Profit and Loss in School-Business Partnerships
From national initiatives that aim to broadly reform education to local efforts to pair children with tutors, corporations are increasingly involved with schools. The idea of business-school relationships is not new. However, the confluence of several powerful currents - corporate advocacy on education policy, cash-strapped public schools, privatization of public schools, and the pervasiveness of marketing geared toward young children - has made it a hot-button issue.
A survey by the Council for Corporate and School Partnerships found that 95 percent of schools had a partnership or conducted some activity with business. Such programs include Verizon Wireless' Bridging the Digital Divide Among Hispanic Youth in South Florida, as well as powerhouse partnerships with IBM, Hewlett-Packard and ExxonMobil.
Corporations have many motives for getting involved with schools, including the marketing aspect. But other motives range from concerns about workforce competitiveness from groups such as the Business Roundtable, to the desire of businesses to generate goodwill - and good publicity - in the surrounding community.
Some critics, including Alfi e Kohn, author of Education Inc.: Turning Learning into a Business, (rev. ed.; Heinemann, 2002), decry the degree to which education has assumed a corporate purpose and ideology. Critics, including Kohn, believe the dominant corporate focus on schools' ability to produce competent workers detracts from teaching that promotes critical thinking and democratic values. Corporate leaders, critics say, advocate running schools like businesses-defi ning narrow academic standards, measuring them in standardized tests, and rewarding or punishing schools based on those results.
Other critics, such as Alex Molnar and Faith Boninger of Arizona State University's commercialism in Education Research Unit, lament the continuing spread and evolution of marketing to schoolchildren, such as using comics sponsored by the Disney Corp. as part of a reading and writing curriciculum. Marketing in venues "previously off limits is coming to be considered 'normal,' " according to the 2006-2007 Report on Schoolhouse Commercializing Trends.
But the key for administrators is determining how their districts can benefit from corporate involvement while avoiding problematic relationships that only benefit the corporation. "When I talk to business groups, my focus is on the benefits for the business-here's why you need to be involved and how the partnership impacts educational achievement," says Jay Engeln, resident practitioner of school-business partnerships for the National Association of Secondary School Principals. For educators, however, "the mission of your school must be first and foremost at all times, and the businesses are partners with the school in achieving that mission."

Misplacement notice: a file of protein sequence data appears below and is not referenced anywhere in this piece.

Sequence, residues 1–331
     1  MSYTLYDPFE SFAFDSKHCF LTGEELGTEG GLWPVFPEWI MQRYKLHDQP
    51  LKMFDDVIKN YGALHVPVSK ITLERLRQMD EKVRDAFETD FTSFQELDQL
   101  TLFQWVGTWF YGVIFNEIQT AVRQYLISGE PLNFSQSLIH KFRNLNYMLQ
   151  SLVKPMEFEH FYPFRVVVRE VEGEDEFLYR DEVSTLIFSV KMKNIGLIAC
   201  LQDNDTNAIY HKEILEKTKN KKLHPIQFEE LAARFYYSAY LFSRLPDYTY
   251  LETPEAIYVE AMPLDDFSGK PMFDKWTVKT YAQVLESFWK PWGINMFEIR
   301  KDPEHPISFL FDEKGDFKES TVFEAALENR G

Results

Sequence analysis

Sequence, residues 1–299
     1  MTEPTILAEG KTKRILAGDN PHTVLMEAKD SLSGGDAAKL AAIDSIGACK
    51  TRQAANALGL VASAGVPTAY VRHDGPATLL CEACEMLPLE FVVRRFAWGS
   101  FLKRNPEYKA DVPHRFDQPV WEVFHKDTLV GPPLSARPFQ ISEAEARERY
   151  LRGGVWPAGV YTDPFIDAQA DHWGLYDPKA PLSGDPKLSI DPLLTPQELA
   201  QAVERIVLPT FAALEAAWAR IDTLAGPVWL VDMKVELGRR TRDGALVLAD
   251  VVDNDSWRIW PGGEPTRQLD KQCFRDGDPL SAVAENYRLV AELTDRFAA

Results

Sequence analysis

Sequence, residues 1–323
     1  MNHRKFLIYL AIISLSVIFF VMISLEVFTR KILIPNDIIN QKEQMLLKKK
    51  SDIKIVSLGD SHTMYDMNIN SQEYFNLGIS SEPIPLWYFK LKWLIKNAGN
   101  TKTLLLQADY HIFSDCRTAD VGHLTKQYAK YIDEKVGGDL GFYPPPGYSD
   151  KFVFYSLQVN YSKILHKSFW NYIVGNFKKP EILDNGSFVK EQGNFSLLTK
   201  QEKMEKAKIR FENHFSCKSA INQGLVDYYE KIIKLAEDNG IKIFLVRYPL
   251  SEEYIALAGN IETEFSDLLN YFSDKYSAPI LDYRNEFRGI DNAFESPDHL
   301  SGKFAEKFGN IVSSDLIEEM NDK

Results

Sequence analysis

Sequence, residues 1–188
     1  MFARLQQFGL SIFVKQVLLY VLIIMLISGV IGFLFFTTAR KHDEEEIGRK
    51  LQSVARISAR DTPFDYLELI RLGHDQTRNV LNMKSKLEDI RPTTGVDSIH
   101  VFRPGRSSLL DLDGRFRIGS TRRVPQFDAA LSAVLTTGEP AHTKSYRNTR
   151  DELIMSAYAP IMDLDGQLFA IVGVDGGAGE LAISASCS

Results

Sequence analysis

Science- and technology-oriented companies take their educational mission seriously and have invested millions of dollars in projects through philanthropic foundations. IBM says improving public schools is its top social priority and a strategic business investment. IBM can succeed only if it has successful employees and successful customers in successful communities, says Robin Willner, IBM's vice president of Global Community Initiatives. The challenge, she says, is creating both programs that fulfi ll what students will need in order to be prepared for a different world in 20 years, and narrower programs that deal with today's unmet needs.
IBM's Reinventing Education initiative awarded $75 million in grants between 1994 and 2004, and many of the partnerships continue. In a 2004 evaluation, the Center for Children & Technology estimated that over 90,000 teachers and millions of students used the educational technology tools created through the program. IBM also recruited and paid the salaries of full-time IBM employees from its research laboratories and consulting organizations to work with educators in classrooms.
Coming early in the Internet age, Reinventing Education focused on helping schools adapt to the World Wide Web. Today, IBM's K12 education initiatives have a different flavor. Reading Companion is a Web-based program that uses voice recognition technology to help children practice reading. So far, IBM has given grants worth about $5 million to put the program in 497 sites in 19 countries.